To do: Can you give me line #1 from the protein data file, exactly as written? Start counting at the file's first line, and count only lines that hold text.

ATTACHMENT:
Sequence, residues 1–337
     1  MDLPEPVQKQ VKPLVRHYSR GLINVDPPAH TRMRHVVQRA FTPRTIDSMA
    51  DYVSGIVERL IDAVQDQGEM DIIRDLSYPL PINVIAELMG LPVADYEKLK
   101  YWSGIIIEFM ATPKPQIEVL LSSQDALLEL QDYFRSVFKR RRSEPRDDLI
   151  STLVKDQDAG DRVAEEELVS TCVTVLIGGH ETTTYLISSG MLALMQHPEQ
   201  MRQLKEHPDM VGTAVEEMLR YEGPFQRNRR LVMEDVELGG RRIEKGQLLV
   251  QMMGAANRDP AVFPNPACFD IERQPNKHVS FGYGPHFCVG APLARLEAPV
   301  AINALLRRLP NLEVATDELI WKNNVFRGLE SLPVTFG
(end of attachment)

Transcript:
Sequence, residues 1–337